For one speaker we will use the Toulouse JUG’s own audio recording hardware which is composed of a Sennheiser FM transmitter and receiver.
The FM receiver is plugged to my MacBook Pro via an XLR
-> 3.5mm jack.
But the MacBook Pro does not recognize the microphone as is by just plugging the XLR cable in.
I’ve followed this video and bought a “TRRS Cable” to plug the XLR cable:
Note: the headphones are there to monitor the audio input while recording
And then it worked:
Note: Ignore the “Two Mics” thing for the moment.
We can record the audio track of the talk directly from Final Cut Pro X (the software I use for post-processing and final video export).
Simply start a new “Voiceover recording”:
Select the external microphone as the
Input and heck the “Monitor
On” feature if you
want to monitor the incoming audio feed.
99 two problems when doubling the number of speakers:
So we need another microphone, but the Toulouse JUG only owns one Sennheiser set (headset mic + transmitter + receiver)…
Fortunately, a member of the JUG is able to lend us more audio and video recording hardware. One such piece of equipment is another audio recording set (lavalier mic + transmitter + receiver + some kind of decoder/amplifier, IDK) which is plugged to the receiving computer via a USB-A cable (in this case, my MacBook Pro via a USB-C hub).
First, repeat the process above to setup the first microphone, and read on to record both simultaneously.
When plugged to the MacBook Pro, the new microphone is automatically detected:
Great but FCPX still doesn’t support multiple simultaneous recordings.
… Well, remember the “Two Mics” thingy? Now’s the time to talk about it.
To bypass this limitation of FCPX I use GarageBand. But in order to use it, as I’ve found in this video, we must first create a new “Aggregate Device”.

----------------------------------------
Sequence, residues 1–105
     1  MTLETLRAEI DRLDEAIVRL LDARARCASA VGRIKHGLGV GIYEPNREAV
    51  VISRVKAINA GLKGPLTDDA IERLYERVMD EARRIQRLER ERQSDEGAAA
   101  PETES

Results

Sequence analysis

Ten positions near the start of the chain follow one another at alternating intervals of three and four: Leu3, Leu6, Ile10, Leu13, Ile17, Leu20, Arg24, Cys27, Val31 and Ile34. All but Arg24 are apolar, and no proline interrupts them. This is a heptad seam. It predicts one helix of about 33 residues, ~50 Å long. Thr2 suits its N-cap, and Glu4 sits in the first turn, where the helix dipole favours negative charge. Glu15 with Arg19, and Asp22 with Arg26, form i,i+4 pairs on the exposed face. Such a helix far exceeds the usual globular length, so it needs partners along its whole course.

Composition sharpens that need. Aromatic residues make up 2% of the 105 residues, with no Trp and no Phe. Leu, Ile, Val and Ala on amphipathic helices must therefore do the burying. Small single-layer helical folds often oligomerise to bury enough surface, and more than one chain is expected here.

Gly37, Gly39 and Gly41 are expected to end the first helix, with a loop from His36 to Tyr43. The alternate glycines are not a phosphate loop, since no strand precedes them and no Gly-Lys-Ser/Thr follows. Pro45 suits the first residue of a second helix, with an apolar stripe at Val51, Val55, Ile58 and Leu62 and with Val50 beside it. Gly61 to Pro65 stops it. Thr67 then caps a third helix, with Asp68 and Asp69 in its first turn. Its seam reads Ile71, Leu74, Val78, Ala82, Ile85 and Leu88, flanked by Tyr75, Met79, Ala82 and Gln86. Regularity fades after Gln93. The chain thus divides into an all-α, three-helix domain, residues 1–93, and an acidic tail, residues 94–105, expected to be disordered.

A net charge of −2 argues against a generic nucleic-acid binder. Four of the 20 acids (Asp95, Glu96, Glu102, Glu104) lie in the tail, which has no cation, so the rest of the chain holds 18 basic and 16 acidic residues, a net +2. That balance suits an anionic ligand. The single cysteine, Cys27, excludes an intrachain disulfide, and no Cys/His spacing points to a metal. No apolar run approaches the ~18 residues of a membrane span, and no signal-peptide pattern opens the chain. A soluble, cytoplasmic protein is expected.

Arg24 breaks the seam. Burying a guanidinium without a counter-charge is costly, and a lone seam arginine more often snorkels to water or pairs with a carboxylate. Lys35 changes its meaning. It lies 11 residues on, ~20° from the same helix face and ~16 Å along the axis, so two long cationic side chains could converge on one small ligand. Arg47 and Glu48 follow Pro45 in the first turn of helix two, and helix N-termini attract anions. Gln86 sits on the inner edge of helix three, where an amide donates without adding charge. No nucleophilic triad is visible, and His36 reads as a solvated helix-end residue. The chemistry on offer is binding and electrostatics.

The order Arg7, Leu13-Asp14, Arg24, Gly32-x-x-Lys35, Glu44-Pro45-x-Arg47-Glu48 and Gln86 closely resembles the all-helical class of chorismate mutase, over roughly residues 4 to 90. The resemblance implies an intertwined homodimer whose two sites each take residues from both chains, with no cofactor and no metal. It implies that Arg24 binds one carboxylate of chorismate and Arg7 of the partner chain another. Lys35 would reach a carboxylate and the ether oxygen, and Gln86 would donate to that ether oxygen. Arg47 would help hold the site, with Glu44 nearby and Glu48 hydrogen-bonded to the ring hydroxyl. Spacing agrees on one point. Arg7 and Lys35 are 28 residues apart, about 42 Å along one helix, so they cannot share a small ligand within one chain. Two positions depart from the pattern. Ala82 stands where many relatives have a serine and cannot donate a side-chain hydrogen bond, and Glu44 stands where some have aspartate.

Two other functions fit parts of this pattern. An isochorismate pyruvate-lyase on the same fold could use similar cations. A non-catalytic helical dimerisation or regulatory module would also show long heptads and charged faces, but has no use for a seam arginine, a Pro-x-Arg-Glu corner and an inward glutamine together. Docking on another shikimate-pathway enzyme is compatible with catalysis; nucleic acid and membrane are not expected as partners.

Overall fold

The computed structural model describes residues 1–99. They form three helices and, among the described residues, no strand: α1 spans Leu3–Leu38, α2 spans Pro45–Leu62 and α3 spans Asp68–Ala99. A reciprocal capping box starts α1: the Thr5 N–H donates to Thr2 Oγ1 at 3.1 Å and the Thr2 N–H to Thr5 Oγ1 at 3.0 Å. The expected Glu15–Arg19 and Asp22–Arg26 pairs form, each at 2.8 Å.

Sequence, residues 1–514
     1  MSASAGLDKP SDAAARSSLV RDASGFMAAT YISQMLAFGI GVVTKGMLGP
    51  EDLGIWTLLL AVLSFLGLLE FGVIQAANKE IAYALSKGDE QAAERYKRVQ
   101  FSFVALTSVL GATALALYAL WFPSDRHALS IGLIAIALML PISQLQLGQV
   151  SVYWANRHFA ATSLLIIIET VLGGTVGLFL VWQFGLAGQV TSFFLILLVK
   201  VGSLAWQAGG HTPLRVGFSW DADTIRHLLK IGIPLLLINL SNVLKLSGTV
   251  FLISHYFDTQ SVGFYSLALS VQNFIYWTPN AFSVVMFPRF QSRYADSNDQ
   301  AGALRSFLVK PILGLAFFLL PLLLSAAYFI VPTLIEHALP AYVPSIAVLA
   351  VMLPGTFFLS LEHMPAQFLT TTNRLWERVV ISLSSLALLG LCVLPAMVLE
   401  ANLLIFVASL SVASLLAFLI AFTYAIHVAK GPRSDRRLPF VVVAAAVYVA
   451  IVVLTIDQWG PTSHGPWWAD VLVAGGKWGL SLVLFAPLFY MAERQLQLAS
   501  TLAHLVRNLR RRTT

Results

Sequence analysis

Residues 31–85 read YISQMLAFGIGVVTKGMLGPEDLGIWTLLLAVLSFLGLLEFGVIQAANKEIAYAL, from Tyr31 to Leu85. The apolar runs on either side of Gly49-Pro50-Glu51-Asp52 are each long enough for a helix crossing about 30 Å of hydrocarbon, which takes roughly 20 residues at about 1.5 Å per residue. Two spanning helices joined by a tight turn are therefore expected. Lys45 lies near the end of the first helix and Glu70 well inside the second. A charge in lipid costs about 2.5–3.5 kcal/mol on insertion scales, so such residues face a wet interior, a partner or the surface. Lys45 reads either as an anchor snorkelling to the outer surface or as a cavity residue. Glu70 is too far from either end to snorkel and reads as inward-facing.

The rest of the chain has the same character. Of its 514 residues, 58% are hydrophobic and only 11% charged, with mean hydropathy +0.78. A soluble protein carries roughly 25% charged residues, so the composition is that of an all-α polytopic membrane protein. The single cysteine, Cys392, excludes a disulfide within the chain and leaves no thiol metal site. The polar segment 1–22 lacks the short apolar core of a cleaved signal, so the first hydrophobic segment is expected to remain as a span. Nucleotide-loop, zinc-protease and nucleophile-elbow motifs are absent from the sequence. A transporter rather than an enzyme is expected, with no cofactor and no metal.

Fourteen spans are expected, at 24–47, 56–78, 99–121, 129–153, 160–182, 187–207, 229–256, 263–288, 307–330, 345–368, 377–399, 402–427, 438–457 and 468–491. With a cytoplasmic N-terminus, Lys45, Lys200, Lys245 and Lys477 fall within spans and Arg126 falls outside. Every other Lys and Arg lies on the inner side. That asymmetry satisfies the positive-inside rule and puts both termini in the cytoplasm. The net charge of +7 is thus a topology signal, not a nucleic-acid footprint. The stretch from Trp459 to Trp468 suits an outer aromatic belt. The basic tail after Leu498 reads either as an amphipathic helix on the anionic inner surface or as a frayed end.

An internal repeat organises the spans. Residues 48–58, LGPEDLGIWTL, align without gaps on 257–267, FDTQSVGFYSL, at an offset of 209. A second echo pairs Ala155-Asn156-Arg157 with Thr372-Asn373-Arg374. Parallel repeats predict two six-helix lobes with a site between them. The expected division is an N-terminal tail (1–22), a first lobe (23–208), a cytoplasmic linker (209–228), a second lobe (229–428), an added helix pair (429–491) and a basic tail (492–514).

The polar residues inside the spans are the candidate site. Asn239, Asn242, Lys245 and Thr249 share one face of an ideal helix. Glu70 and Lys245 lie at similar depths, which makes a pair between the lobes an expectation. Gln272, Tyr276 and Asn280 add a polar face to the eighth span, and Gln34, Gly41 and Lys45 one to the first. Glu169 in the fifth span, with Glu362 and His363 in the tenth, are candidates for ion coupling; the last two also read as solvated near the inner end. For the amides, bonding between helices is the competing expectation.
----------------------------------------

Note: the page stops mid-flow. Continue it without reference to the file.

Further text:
Open Spotlight and type “midi”:
Click on the
+ sign in the bottom-left corner:
And select “Create Aggregate Device”:
Then make sure both the “external microphone” (the one we plugged in when we had only one speaker) and “USB Audio Codec” (the one we plugged in via USB just above) have their inputs selected.
I have also selected the external headphones (the ones plugged at the other end of the TRRS cable) and the built-in speakers for good measure. I honestly don’t know if it’s useful or not, but at least it does no harm.
Then give this “Aggregate Device” a name, such as “Two Mics” for instance, and you should have the same config as we saw above:
Now go to GarageBand.
From GarageBand you will have to open the settings and switch the default devices to your newly created “Two Mics”:
Now add a new track that will record the first microphone, select “Input 1”:
And then add a new track that will record the second microphone, select “Input 3:
Why “Input 1” and “Input 3”? I have no idea, but it works :thumbsup:
Give your tracks names, it’s more pleasant.
And finally, with your two tracks in place, go to the
Track(s?) top menu and select
“Configure Track Header…” to display the little record control to each of your tracks:
Selecting the menu should show this popup where you can select the “Record Enable” checkbox:
If you want your recording to get both input simultaneously, Shift + Select both tracks’ little red record buttons.
And you’re good to go!
The Duracell Powercheck are actually pretty good for that matter:
As their name suggest they have this little “Power check” which kinda looks like a colored bar chart that lights up when you touch the right spot, and tells you how much is left before it’s empty.
Until we change our equipment to something with a Lithium-ion batteries… ?
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